• 1972 Conway Twitty Sings the Blues
  • 1972 Conway Twitty
  • 1972 I Can't See Me without You
  • 1972 Shake It Up
  • 1973 Clinging to a Saving Hand
  • 1973 I Can't Stop Loving You/(Lost Her Love) On Our Last Date
  • 1973 She Needs Someone to Hold Her
  • 1973 Steal Away
  • 1973 Who Will Pray for Me
  • 1973 You've Never Been This Far Before
  • 1974 Country Partners
  • 1974 Honky Tonk Angel
  • 1974 I'm Not Through Loving You Yet
  • 1974 Never Ending Song of Love
  • 1975 Feelins'
  • 1975 High Priest of Country Music
  • 1975 Linda on My Mind
  • 1975 Star Spangled Songs
  • 1975 This Time I've Hurt Her More
  • 1976 Now and Then
  • 1976 Twitty
  • 1976 United Talent
  • 1977 Dynamic Duo
  • 1977 I've Already Loved You in My Mind
  • 1977 Play, Guitar Play
  • 1978 Conway Twitty Country
  • 1978 Conway
  • 1978 Georgia Keeps Pulling On My Ring
  • 1978 Honky Tonk Heroes
  • 1979 Country Rock
  • 1979 Cross Winds

1980s

  • 1980 Diamond Duet
  • 1980 Heart & Soul
  • 1980 Rest Your Love on Me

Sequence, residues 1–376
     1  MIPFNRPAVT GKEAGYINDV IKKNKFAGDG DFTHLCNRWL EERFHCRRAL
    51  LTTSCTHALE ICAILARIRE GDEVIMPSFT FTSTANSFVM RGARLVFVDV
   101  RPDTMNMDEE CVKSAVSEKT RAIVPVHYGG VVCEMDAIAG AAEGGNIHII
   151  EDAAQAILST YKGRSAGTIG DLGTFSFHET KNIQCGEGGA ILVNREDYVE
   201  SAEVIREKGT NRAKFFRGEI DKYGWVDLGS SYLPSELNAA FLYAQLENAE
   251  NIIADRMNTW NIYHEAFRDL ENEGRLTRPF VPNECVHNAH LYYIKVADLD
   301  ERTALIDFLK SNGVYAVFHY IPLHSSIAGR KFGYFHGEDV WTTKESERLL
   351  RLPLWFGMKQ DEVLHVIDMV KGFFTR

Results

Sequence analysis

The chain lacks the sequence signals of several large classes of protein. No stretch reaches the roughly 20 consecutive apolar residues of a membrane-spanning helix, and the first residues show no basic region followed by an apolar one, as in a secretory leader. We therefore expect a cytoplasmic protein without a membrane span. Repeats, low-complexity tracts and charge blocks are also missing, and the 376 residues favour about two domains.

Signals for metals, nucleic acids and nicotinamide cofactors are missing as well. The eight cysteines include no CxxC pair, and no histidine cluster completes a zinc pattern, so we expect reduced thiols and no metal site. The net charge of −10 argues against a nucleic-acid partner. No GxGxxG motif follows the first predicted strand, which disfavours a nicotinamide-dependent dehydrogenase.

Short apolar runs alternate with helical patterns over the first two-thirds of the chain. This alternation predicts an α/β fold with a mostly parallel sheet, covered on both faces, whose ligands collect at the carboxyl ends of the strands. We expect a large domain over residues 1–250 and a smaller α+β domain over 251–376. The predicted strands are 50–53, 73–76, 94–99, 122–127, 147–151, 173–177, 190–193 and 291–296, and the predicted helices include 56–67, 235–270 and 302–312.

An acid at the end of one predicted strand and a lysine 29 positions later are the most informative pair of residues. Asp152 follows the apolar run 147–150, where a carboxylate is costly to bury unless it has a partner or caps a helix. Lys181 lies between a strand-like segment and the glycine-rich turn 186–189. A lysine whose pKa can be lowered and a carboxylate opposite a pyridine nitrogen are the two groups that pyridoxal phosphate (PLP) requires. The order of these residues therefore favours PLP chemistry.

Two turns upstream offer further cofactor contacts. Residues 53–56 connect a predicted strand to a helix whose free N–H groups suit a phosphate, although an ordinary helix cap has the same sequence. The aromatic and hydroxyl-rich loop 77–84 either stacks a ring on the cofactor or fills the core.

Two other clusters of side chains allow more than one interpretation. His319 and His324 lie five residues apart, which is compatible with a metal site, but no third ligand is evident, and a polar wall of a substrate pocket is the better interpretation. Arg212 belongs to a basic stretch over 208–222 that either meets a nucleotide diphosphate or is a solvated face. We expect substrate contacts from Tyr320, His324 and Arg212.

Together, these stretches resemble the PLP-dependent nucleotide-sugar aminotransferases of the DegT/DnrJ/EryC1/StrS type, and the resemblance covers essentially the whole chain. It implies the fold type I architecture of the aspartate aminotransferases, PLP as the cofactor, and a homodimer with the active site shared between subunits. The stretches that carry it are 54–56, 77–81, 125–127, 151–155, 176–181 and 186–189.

• 1981 Mr. T
  • 1981 Two's a Party
  • 1982 Dream Maker
  • 1982 Number Ones
  • 1982 Southern Comfort
  • 1983 Conway's #1 Classics, Vol. 2
  • 1983 Lost in the Feeling
  • 1983 Merry Twismas
  • 1984 By Heart
  • 1984 Conway Twitty & Loretta Lynn
  • 1985 Chasin' Rainbows
  • 1985 Don't Call Him a Cowboy
  • 1986 A Night with Conway Twitty
  • 1986 Fallin' for You for Years
  • 1987 Borderline
  • 1988 Making Believe
  • 1988 Still in Your Dreams
  • 1989 House on Old Lonesome Road

1990s

  • 1990 Crazy in Love
  • 1991 #1's, Vol. 2
  • 1991 #1's, Vol. 1
  • 1991 Even Now
  • 1992 Country Gospel Greats
  • 1993 Final Touches
  • 1995 Sings Songs of Love
  • 1996 Crazy Dreams

2000s

  • 2002 Road That I Walk

Wiki Source

Comments

I HAVE ALWAYS LOVED CONWAY FOR AS LONG AS I  CAN REMEMBER I HAVE ALL HIS CDS AND EVEYBODY KNOW NOT TO EVER TURN OFF OR TURN DOWN CONWAY...U WILL GET OUT OF MY CAR AND WALK IF YOU DOINT LIKE HIM..THIS IS 2012 AND TO ME HE IS STILL THE BEST SINGER IN THIS WORLD..WILL ALWAYS LOVE AND MISS MY CONWAY...BEST SONG EVER IS HONKY TONK ANGEL..
IT CERTAINLY WAS A VERY SAD DAY AT FAN FAIR IN 1993 WHEN THE WORLD LOST THE GREATEST COUNTRY MUSIC LEGEND OF ALL TIME WHEN CONWAY TWITTY PASSED AWAY AND I STILL CANNOT BELIEVE THAT THIS MAN THAT HAD THE MOST SONGS TO GO TO NUMBER ONE NEVER EVER WON A SOLO MUSIC AWARD HE ONLY WON AN AWARD WITH LORETTA LYNNE. WHAT WAS  WRONG IN NASHVILLE FROM PATRICIA IN DRYDEN ONTARIO CANADA

I WILL ALWAYS LOVE CONWAY TWITTYS MUSIC MY FAVORITE SONG IS DID YOU KNOW THAT YOUR LOVE HAD TAKEN ME THAT HIGH  PATRICIA FROM DRYDEN ONT CANADA.

i will always love conway twitty music  my favorite song of his is i love to lay you down and tight fittin jeans

I WILL ALWAYS LOVE THIS MAN.  JO IN ROCHESTER HILLS, MICHIGAN